The rain has returned, bringing a different kind of beauty to the garden and hedgerows. All along our lane, the verges are becoming a sea of Queen Anne’s Lace. So beautiful and dreamy. I’m hoping that the local farmers put off their zealous cutting for a little bit longer.
This week seems to be dominated by trust. I think it’s one of the most testing elements of being a parent. For me, at least. I trust my children. I know them. Eldest will spend up to an hour each day, telling me about her day. Asking for advice or a different perspective. I completely treasure this time.
At the end, she usually asks me how my day has been.
“Oh, you know. Working, and taking photos of pretty things that catch my eye.”
It never seems as exciting as her day. Then again she is surrounded by hundreds of children, mainly teenagers, and I see only a handful of people each day.
(Although the sparrows are pretty chatty…….)
This is where the trust comes into it. Putting so many people together and adding social media, can be good, but not always. We live in a rural area. Most of her friends don’t live in easy walking distance from each other. If she wants to meet up, it means one of us driving her. Social media cuts this down. They can chat with each other as if they are in the same room.
The downside is that school never ends. Uncomfortable situations or arguments go on beyond school. Bad feelings can be fed as the teenagers continue to hop between the different platforms.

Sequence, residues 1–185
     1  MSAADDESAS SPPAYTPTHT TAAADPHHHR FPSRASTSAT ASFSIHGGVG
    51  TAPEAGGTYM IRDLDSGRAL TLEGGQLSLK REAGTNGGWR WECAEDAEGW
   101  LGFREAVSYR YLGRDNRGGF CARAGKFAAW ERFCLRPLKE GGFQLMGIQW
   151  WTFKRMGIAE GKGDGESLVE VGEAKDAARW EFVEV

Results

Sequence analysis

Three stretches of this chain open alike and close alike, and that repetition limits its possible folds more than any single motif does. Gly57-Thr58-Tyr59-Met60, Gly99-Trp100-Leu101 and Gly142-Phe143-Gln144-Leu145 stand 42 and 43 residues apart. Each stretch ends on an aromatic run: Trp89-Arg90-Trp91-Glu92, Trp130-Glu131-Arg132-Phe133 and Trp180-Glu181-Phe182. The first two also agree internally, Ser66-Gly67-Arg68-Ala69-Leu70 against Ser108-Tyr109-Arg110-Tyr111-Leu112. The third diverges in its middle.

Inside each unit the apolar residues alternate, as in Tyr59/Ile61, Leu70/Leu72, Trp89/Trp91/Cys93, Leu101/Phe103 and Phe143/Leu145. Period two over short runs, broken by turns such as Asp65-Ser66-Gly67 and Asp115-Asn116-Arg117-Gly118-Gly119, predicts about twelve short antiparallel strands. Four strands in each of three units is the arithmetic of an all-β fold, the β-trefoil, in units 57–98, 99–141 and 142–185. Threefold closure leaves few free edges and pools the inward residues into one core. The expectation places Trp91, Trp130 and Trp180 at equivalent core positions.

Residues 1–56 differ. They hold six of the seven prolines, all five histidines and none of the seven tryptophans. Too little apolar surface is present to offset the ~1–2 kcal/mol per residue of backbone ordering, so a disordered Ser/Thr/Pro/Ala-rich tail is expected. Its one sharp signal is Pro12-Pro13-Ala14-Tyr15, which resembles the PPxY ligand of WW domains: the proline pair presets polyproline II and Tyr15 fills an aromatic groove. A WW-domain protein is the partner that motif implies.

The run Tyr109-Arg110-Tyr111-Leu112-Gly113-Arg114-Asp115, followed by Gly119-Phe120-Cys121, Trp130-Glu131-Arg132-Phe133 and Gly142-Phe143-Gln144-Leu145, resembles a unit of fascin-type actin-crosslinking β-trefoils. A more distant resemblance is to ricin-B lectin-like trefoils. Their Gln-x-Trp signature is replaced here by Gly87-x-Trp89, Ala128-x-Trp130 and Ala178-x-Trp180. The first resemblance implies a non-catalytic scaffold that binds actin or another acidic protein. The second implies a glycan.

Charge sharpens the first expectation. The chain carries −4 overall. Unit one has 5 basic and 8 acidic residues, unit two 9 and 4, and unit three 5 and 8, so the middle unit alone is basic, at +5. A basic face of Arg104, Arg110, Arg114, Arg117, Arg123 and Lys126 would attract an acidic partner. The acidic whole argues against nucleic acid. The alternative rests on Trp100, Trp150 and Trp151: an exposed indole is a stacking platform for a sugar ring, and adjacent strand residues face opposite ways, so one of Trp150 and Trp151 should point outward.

Eldest is learning and refining new skills. When to get involved and when not to. Being diplomatic. Empathy. Trust. What to post, as it stays out there forever. To be honest, I think she is doing incredibly well. I trust her.
There has been another issue this week, more serious, where I think she handled herself perfectly, and my trust in her grew that little bit more. It reminded me how trust takes time to build and how easy it can be lost. A matter of seconds.
This week, Middle Daughter entered the world of social media. She is lucky that her older sister is there to help. She also has the advantage that she has listened to the conversations we’ve had with Eldest about this journey. We’ve talked to her too, but it is a learning curve for all of us. To be honest, I feel a tad nervous, which is as it should be.
People may argue that the best way to avoid the problem is to not allow them access till they are older, but I disagree. After all if we kept them away from every difficult situation how would they learn. Take the case of crossing the road. She learnt to safely cross the road by holding my hand. I’m not sure she would take kindly to the same approach as a a teenager, if I’d left it that late to teach her. The same is true of social media.
I think social media can be amazing. It will be part of their world and I want them to learn to use it properly. They will be using it in ways that we probably can’t even imagine at the moment.
Trust has to be gained and we are on that journey now with Middle Daughter. It is a journey. Baby steps are required.There are times when I wish I could just swing them up onto my hip, as I used to when they were toddlers, and remove them from a difficult situation. I miss those days, but at the same time I’m glad that I am part of their current journeys. More than glad.
There goes Mr Sliffslaff-Slibberslak* the snail off on his own journey. I did pick him up and put him in a nature area, away from my salad beds. I’ve tried talking to them, but it never works. I’ll stick to children.
So here I am, continuing to learn to trust.
Part of my “Here I am” series. Considering setting this up as a linky on a Wednesday. (More info here) What do you think?
* Reference to Sibylle von Olfers “The Story of the Root Children”. A beautiful book.